"Mental impairment" means (i) a disability attributable to mental retardation intellectual disability, autism, or any other neurologically handicapping condition closely related to mental retardation intellectual disability and requiring treatment similar to that required by mentally retarded individuals with intellectual disability; or (ii) an organic or mental impairment that has substantial adverse effects on an individual's cognitive or volitional functions, including central nervous system disorders or significant discrepancies among mental functions of an individual. For the purposes of § 51.5-41, the term "mental impairment" does not include active alcoholism or current drug addiction and does not include any mental impairment, disease or defect that has been successfully asserted by an individual as a defense to any criminal charge.

"Otherwise qualified person with a disability" means a person with a disability who:

1. For the purposes of § 51.5-41, is qualified to perform the duties of a particular job or position; or

2. For the purposes of § 51.5-42, meets all the requirements for admission to an educational institution or meets all the requirements for participation in its extracurricular programs.

"Person with a disability" means any person who has a physical or mental impairment that substantially limits one or more of his major life activities or has a record of such impairment and that:

1. For purposes of § 51.5-41, is unrelated to the individual's ability to perform the duties of a particular job or position, or is unrelated to the individual's qualifications for employment or promotion;

2. For purposes of § 51.5-42, is unrelated to the individual's ability to utilize and benefit from educational opportunities, programs, and facilities at an educational institution;

3. For purposes of § 51.5-44, is unrelated to the individual's ability to utilize and benefit from a place of public accommodation or public service;

4. For purposes of § 51.5-45, is unrelated to the individual's ability to acquire, rent, or maintain property.

"Physical impairment" means any physical condition, anatomic loss, or cosmetic disfigurement that is caused by bodily injury, birth defect, or illness.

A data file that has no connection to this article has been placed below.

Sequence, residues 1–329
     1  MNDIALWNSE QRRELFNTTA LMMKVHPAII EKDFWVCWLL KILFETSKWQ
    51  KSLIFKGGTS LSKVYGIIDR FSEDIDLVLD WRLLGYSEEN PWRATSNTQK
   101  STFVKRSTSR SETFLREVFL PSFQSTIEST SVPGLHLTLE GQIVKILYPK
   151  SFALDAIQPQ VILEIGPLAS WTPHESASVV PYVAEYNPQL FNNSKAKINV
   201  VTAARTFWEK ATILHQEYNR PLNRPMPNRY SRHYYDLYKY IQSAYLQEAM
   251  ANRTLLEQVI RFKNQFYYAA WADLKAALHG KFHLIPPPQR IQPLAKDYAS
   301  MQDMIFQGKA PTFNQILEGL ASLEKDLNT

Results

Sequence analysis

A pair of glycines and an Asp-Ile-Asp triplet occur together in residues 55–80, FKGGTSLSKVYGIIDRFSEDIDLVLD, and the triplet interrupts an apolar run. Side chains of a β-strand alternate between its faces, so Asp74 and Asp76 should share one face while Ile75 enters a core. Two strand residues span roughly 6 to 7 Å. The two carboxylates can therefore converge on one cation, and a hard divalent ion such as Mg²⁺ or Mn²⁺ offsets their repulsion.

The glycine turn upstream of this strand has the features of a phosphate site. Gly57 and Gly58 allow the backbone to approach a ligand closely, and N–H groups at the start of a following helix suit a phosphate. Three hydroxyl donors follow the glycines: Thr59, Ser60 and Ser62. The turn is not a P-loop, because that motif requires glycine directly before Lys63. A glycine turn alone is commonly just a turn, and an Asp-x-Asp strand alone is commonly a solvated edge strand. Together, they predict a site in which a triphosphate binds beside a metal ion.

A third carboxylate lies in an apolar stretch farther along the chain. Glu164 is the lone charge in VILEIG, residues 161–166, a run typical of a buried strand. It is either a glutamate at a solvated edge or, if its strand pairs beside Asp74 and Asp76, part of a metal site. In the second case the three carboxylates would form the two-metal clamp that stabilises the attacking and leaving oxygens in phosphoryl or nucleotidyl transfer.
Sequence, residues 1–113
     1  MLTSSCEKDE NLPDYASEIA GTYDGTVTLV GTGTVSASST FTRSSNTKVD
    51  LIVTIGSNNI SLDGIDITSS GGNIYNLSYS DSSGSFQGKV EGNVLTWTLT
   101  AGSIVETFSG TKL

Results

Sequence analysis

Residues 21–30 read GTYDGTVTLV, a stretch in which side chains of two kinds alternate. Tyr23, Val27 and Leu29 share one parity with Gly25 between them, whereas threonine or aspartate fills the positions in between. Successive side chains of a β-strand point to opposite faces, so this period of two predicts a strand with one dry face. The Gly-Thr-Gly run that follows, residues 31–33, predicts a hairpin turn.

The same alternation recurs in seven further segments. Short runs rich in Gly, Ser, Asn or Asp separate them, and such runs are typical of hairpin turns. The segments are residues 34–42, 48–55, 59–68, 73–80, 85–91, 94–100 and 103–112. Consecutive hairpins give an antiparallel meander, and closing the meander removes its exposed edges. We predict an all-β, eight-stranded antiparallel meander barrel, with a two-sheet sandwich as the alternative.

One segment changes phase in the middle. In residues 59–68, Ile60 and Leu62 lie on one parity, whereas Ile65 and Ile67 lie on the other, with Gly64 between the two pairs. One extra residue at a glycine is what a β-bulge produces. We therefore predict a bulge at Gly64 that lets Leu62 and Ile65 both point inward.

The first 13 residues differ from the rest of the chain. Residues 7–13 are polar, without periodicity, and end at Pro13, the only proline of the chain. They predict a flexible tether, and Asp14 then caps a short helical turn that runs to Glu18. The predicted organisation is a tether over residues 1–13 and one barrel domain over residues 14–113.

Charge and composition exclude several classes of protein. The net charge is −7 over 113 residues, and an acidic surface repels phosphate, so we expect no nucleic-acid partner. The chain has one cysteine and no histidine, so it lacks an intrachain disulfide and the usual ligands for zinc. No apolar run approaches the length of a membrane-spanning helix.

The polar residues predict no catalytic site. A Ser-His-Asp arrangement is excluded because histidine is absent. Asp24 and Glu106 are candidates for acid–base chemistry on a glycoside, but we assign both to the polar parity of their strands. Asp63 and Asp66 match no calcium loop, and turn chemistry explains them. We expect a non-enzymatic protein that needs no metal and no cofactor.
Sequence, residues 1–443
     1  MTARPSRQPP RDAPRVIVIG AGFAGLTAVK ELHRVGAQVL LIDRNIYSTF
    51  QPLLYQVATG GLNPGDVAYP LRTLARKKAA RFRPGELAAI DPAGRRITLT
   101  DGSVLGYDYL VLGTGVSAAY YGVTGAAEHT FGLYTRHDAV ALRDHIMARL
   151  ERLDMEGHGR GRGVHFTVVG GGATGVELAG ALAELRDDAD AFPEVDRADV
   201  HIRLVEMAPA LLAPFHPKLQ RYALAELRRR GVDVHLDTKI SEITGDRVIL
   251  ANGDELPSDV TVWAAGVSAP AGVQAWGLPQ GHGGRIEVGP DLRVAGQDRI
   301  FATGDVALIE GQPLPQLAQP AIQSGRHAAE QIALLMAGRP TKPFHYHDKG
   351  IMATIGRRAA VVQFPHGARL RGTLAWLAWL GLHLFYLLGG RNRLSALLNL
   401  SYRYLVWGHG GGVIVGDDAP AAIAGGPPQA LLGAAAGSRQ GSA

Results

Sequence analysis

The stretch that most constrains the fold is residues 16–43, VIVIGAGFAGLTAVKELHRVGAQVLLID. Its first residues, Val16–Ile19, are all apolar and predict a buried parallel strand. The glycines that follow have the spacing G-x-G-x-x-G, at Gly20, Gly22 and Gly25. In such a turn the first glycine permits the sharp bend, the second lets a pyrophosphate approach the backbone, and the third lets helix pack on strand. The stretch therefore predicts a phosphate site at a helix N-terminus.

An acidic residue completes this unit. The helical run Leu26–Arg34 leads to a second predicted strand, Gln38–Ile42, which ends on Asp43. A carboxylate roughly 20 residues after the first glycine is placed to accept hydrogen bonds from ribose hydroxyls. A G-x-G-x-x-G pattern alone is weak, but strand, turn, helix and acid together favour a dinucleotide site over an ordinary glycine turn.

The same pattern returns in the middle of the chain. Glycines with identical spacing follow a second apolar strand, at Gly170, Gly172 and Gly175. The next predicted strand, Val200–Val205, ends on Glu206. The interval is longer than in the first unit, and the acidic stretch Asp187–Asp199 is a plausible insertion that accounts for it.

"Rehabilitation technology" means the systematic application of technologies, engineering methodologies, or scientific principles to meet the needs of and address the barriers confronted by individuals with disabilities in areas that include education, rehabilitation, employment, transportation, independent living, and recreation.

§ 51.5-30. Cooperative agreements with community services boards and schools.

No services funded under the authority of this chapter shall be provided to:

1. Persons whose primary impairment is mental illness, mental retardation intellectual disability, or substance abuse, except by cooperative agreement with the local community services board established pursuant to Chapter 5 (§ 37.2-500 et seq.) of Title 37.2 or the behavioral health authority established pursuant to Chapter 6 (§ 37.2-600 et seq.) of Title 37.2 when that board or authority is currently offering the same services; or

2. Public school-aged persons, except by cooperative agreement with that person's school.

§ 51.5-39.7. (See Editor's notes) Ombudsman services for persons with disabilities.

A. There is hereby created within the Office an ombudsman section. The Director shall establish procedures for receiving complaints and conducting investigations for the purposes of resolving and mediating complaints regarding any activity, practice, policy, or procedure of any hospital, facility or program operated, funded or licensed by the Department of Behavioral Health and Developmental Services, the Department of Rehabilitative Services, the Department of Social Services, or any other state or local agency, that is adversely affecting the health, safety, welfare or civil or human rights of any person with mental, cognitive, sensory or physical disabilities. After initial investigation, the section may decline to accept any complaint it determines is frivolous or not made in good faith. The ombudsman section shall attempt to resolve the complaint at the lowest appropriate level, unless otherwise provided by law. The procedures shall require the section to:

1. Acknowledge the receipt of a complaint by sending written notice to the complainant within seven days after receiving the complaint;

2. When appropriate, provide written notice of a complaint to the Department of Behavioral Health and Developmental Services or any other appropriate agency within seven days after receiving the complaint. The Department or agency shall report its findings and actions no later than fourteen 14 days after receiving the complaint;